1- Meaning and Purposes of Remand
1-The word “Remand” has been defined as “To send back. The act of an appellate court when it sends a case back to the trial court and an appellate court when it sends a case back to the trial court and orders the trial court to conduct the limited new hearing or an entirely new trial, or to take some other action.” (Black’s Law Dictionary)
2- “To send a prisoner back to the custody- the act of sending back(a prisoner) into custody” (Encyclopedia Law Dictionary)
2- Relevant Laws and Provisions:
The applicable provisions to the remand are to be found in Section 61 of Cr.P.C, Section 62 of Cr.P.C, Section 167 of Cr.P.C, Section 173 of Cr.P.C, and Section 344 of Cr.P.C.
3- Kinds of Remands:
- Physical Remand
- Judicial Remand
When a person/accused is sent to the custody of the Police by the Magistrate, it’s called Physical Remand and when the accused is sent to the judicial lockup/jail, it is called Judicial Remand.
Principle Applying Remand Cases:
The following principles are laid down for the guidance of the Magistrate in the matter of granting remands, and District Magistrates are required to see that they are carefully applied.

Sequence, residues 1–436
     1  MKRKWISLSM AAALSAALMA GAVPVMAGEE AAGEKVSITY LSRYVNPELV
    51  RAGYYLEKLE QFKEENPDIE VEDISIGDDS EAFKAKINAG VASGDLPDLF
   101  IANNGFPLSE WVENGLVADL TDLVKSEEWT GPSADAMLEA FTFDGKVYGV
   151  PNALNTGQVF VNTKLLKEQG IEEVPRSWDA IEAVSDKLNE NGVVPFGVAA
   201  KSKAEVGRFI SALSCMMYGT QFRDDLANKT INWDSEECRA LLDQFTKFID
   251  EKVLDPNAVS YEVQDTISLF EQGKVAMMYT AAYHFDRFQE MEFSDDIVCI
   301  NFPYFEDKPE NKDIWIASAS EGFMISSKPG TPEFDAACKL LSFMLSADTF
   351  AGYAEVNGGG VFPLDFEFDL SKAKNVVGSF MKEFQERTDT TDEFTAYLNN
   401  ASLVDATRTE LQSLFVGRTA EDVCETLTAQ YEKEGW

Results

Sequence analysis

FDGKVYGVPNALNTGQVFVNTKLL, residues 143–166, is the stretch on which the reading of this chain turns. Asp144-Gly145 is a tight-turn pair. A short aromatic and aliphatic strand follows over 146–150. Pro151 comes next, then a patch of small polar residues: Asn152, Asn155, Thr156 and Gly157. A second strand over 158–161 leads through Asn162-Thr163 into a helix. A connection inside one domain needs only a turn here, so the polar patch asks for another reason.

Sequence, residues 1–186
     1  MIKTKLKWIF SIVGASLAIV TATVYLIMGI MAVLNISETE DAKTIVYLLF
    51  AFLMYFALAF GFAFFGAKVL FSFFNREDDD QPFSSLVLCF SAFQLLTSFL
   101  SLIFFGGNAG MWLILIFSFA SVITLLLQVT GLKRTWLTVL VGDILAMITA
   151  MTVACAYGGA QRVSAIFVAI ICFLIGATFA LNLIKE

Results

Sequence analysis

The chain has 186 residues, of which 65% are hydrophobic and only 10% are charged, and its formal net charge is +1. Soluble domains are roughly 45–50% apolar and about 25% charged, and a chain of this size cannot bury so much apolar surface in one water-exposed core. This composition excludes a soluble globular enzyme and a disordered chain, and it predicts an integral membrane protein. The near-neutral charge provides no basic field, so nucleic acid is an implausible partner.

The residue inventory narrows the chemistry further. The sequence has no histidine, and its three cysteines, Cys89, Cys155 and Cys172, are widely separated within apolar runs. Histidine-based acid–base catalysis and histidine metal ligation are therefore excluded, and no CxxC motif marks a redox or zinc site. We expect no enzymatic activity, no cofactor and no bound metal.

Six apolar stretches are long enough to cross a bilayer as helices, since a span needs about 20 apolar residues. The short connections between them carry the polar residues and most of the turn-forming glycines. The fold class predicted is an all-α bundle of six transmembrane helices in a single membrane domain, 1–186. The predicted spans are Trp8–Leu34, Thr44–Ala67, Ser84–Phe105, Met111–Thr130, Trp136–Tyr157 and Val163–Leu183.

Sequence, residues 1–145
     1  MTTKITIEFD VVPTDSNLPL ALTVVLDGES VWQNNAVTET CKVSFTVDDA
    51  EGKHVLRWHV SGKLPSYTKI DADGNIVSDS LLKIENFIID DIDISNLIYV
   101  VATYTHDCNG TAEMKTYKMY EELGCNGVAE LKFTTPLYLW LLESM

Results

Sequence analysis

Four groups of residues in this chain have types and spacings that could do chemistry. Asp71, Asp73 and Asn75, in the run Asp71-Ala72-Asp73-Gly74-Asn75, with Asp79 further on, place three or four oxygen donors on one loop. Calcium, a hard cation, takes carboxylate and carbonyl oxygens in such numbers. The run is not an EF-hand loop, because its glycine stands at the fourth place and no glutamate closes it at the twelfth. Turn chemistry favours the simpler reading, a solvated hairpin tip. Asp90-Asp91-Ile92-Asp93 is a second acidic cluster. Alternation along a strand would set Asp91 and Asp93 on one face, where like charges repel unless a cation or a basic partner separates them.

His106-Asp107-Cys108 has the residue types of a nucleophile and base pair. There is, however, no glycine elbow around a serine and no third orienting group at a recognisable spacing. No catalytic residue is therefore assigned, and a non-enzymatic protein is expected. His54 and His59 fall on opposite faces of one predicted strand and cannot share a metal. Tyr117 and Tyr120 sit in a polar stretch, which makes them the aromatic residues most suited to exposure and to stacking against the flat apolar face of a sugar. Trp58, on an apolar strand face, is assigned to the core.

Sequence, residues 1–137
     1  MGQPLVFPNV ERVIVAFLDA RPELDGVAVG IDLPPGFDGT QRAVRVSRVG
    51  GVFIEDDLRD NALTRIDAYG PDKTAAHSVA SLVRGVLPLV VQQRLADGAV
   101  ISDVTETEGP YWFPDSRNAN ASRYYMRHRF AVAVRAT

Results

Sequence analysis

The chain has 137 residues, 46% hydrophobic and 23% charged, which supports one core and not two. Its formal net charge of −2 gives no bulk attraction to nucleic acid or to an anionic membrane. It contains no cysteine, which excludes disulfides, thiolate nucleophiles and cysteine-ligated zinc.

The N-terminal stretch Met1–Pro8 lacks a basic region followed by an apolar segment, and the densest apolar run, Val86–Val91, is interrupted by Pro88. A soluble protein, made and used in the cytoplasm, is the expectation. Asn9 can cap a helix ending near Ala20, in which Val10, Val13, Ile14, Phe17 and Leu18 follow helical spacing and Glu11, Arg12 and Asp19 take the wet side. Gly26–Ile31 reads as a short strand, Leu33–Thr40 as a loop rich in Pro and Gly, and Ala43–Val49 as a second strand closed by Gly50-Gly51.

- Under no circumstance should an accused person be remanded to police custody unless it is made clear that his presence is actually needed in order to serve some important and specific purpose connected with the completion of the inquiry. A general statement by the officer applying for the remand that the accused may be able to given further information should not be accepted.
- When an accused person is remanded to Police custody the period of the accused should be as short as possible.
- In all ordinary cases in which time is required by the Police to complete the inquiry, the accused person should be detained in magisterial custody.
- Where the object of the remand is merely the verification of the prisoner’s statement, he should be remanded to magisterial custody.
- An accused person who has made a confession before a Magistrate should be sent to the judicial lockup and not made over to the Police after the confession has been recorded. If the police subsequently require the accused person for the investigation, a written application should be made giving reasons in detail why he is required and an order obtained from the Magistrate for his delivery to them for the specific purposes named in the application. If an accused person, who has been produced for the purpose of making a confession, has declined to make a confession or has made a statement that is unsatisfactory from the point of view of the prosecution he should not be remanded to police custody.(High Court Rules and Orders Volume III).